We set our L1's up the normal way we would do a show. From the audience this is, starting at the left and working to the right, guitar, drums, bass and keys. This is done in a mild semicircle, with guitar and keys coming forward a bit. Drums are miked-up normally using the cancelling-pair (we use a pair of AT clip-on condensers, below the cymbals and above the top heads) and an Audix D6 in the kick and using the kick gate. I put the keys in the center facing the drums and Tom Yates sat to my left facing the whole rig, GW to my left playing his Synapse bass. Tom uses a Digitech RP50 pedal/processor (uses 2 models, period) and a Seymour Duncan "Twin Tube" tube preamp ahead of this direct into a flat input on the T1 (electric guitar tone is all in the fingers anyway, right?). So essentially what we did is set up normally and turn around 180 degrees and "play" the big soundstage face-to-face. Only Tom Beier played the same way, but it, of course, sounded "normal" to him. This setup also gave us a great sense of eye contact and, to tell the truth, it was a unique and highly empowering setup. All I can say is that you simply have to try it yourself to get a sense of what it is.
We set up two Shure KSM series uni condenser mics, $150 each or so according to MikeZ, about 12 feet each from the snare and about +/- 45 degrees, both pointing at the drums. MikeZ did some experimenting with this, bringing the mics closer in than we did at our first recorded show ("Life of Crime" elsewhere in this forum). It's like this: Bring them too close and you get too much drums, too far and you get too much room. I simply used Mike's results and was happy.
Here's a sketch I did (Google "Sketchup") of our setup. Keys are still coming out of the far right system:
Listen to our results (coming soon on this post). This is the recording as it came off the mics, no EQ. I know we'll eq it later in the final mix, but here it is, pure amplified ensemble music tracks for the eventual finished production of "Just A Heartbeat Away" © 2008 Clifford Henricksen
Warning - big files, not a good idea if you are on a metered connection.
- JustAHeatbeatAwayTracks320.mp3 - 8,759 kb converted to mp3 at 320kbs.
- JustAHeatbeatAwayTracks.wav 38, 618 kb raw wav file.
Some details of the recording: I'm using my old version of Cakewalk9 for this whole project, which, tho not as hip as you-name-it, works just fine. (Pour epoxy all over the computer and don't touch it). I used a very straight-forward MAudio usb front end with phantom into an IBM laptop computer and then imported the .wav file into a stereo channel of CW for the project. What you hear is the original recording that came right off the microphones. In the final mix, I'm guessing I'll have to do some eq of some kind, maybe some LF warmup. We'll see how it sounds with all the singing and solos on it. But right now, play that sucker (the .wav one) nice and loud and see if your monitor's cones can take it. The track is smacking with Nitro. I don't think I've ever been involved in a track that has that much punch. Also, there is this air-integrated mix that I'll defy you to replicate with multitrack, unless maybe you get Tom Dowd or someone like that in for the session. Last, like the instrument balance? That's how we all heard it and it recorded that way. We might feel different on the mix, but I'm thinking "not".
We recorded, as I remember, three takes of this tune and this one is the keeper. I think we really connected on the take you hear and everyone in the band said it's good. I listened to the track breifly over Mighty Boy and was stunned, even tho it is in the middle of a serious make-over. At the same session, we recorded 5 keeper music tracks as a nice start to the project, as of yet unnamed.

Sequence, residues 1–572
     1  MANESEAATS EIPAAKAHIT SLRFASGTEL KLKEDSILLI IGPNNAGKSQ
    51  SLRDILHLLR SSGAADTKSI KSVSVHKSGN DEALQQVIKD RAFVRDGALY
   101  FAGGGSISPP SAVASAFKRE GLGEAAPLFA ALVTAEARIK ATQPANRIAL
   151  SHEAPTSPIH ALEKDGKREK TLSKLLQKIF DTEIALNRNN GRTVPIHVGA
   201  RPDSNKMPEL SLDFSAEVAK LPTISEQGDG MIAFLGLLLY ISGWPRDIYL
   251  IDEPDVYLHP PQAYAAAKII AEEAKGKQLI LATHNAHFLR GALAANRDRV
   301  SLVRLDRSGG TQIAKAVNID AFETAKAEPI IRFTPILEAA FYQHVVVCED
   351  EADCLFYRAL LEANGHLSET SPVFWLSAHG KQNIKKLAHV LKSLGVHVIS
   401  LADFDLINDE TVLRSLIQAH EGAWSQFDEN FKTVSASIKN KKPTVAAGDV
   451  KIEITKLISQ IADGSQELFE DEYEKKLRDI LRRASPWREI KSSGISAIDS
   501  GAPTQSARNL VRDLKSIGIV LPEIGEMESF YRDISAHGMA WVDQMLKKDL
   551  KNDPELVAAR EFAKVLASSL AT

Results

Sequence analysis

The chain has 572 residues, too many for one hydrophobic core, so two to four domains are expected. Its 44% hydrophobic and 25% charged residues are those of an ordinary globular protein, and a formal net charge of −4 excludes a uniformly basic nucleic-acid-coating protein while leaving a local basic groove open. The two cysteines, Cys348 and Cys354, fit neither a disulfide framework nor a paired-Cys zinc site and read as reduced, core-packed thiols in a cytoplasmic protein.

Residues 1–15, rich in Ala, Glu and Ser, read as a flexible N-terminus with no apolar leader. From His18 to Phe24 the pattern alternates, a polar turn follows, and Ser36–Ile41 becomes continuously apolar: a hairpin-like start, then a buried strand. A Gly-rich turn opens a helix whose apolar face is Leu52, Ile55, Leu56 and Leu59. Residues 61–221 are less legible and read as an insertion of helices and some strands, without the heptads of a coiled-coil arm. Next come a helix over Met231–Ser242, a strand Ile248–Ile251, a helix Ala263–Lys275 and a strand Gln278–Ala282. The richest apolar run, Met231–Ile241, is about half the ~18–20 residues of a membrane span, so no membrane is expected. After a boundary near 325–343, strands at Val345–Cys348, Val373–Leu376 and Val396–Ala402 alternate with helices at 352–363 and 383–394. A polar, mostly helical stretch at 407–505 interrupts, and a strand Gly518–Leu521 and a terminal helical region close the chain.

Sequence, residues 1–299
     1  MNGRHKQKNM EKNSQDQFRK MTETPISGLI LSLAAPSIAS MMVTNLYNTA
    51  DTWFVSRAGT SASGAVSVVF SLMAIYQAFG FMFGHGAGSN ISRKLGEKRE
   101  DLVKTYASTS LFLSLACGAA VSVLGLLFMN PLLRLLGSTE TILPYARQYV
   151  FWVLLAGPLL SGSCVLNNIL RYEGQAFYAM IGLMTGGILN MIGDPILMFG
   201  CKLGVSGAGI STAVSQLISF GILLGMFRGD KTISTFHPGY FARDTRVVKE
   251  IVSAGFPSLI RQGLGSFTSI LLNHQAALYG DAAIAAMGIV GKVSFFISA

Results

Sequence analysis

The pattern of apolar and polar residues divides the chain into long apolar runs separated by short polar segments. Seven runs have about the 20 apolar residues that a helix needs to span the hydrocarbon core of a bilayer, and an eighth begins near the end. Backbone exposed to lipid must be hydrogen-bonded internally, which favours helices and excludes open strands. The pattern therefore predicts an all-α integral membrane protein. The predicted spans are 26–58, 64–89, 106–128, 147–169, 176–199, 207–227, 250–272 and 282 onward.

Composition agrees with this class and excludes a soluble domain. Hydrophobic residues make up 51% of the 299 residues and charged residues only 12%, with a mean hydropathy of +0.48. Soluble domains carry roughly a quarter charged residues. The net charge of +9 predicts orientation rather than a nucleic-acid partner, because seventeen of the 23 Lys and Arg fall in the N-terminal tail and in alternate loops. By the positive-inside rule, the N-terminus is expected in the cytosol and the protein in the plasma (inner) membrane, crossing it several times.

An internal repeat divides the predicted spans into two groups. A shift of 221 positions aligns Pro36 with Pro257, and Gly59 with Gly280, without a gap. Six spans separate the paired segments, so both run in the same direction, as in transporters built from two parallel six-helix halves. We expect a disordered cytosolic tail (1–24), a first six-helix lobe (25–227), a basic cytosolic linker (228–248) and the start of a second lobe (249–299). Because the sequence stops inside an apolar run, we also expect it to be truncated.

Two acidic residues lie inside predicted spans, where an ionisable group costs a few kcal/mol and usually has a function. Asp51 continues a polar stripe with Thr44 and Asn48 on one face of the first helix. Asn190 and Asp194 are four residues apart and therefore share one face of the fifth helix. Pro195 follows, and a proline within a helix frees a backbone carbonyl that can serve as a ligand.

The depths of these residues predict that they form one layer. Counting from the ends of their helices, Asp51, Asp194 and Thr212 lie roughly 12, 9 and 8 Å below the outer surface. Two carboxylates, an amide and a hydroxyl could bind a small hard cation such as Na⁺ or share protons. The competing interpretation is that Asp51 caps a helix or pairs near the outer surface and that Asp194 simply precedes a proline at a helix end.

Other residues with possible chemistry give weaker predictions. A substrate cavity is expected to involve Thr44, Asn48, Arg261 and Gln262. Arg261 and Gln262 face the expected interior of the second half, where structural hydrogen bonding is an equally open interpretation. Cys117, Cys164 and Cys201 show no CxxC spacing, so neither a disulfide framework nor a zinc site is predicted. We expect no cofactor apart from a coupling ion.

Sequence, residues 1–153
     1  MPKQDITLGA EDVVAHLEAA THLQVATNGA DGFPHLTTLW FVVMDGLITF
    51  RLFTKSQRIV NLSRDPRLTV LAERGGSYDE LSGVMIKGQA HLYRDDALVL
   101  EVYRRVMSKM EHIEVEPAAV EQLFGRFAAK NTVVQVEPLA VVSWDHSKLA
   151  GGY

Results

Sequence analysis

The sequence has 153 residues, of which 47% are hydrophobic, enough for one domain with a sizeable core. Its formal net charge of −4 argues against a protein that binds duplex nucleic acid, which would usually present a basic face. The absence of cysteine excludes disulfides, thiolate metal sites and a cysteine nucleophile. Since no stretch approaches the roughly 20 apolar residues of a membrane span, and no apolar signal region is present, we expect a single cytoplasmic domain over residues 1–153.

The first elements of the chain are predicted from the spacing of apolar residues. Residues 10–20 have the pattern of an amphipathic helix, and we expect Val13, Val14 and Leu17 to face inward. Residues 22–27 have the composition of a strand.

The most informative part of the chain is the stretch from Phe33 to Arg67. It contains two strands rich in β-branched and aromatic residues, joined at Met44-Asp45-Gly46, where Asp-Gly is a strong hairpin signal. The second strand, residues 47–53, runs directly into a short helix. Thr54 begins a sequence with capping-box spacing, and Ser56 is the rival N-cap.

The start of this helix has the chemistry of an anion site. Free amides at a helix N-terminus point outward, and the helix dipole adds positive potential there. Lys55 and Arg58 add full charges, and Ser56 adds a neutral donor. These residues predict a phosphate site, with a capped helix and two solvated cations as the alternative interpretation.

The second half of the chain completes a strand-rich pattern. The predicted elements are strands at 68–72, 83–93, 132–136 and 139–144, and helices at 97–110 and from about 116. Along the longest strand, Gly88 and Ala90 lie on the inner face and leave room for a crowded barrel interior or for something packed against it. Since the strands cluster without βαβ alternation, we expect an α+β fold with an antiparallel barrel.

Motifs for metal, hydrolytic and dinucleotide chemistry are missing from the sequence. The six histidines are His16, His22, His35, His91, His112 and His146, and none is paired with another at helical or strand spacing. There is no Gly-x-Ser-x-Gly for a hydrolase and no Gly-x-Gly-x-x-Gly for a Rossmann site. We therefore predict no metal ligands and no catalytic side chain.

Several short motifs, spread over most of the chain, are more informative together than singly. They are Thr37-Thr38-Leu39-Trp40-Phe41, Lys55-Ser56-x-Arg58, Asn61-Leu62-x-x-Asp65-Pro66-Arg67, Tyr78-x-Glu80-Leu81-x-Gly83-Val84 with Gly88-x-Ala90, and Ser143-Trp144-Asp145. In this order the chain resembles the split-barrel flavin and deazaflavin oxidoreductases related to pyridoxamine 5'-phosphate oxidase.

Recording Ensemble Vocals
We've already finished ensemble vocals on the song but it may be next week before I can get them processed. We have two takes of each and I'm not sure which will make it and which won't. On a quick listen over cans, it seems like they are all ok and in fact playing them together sounds pretty spectacular.
We basically want our recordings to sound like the band sounds live. This includes all the amplified instruments, including "amplified voice". If someone likes the recording, they'll love the live show; that kind of thing. So we basically just left the recording setup the way it was for the music tracks (L1's and recording mics) and set the vocal mics up so we could, again, turn and face the 4-L1 system and "play the soundstage". Again, it was a lot of fun and inspiring to hear us together, amplified. We used Audix OM5 mics up close with the right ToneMatch setting. Everything was the same as we use it for the show except I pulled some bass off my voice, which is a baritone and midbass-heavy for a good blend. We all heard it and could easily adjust for balance.
We put a fifth L1 on its side (horizontal) without bass as a monitor, playing the finished music tracks through it to sing to. We used a B1 bass simply as a support to hold up the unsupported end of the L1 line array. We could have used a little wedge monitor or something but the L1 cuts off so sharply top and bottom so it truly did minimize bleed into the recording mics. Bass is usually the worse bleeder so not powering the B1 worked great. Why didn't we use cans (I know you're about to do a reply/post on this)? I got away from this a few years ago, at the suggestion of Todd Urbonas. You really have a much better time of it and get intonation so much better when you hear your own voice in the air. The bleed you get if you do it right (dump the bass, watch the level) is so small and can easily be edited out if you want to be picky. But doing it this way allowed us to hear each other and especially our own particular performance.
I'll get to play with all this over the weekend and I should be able to put up some more tracks for you. I'm very happy with our performance but I'm equally happy with the recordings. Same organic, molecular mixing we got with the instruments (thus complete sonic compatibility with the same) and a great blend that we all heard and corrected easily. Here's a drawing of the setup:
See the live post and ensuing discussion
|raw wav file (big, best quality)
|Just a Heartbeat Away - the Video, wmv format 14 megabytes
|Just a Heartbeat Away ruffCHB2.mp3
|Just a Heartbeat Away ruffCHB2.wav
|heartbeat solo bkv.mp3
|heartbeat solo bkv.wav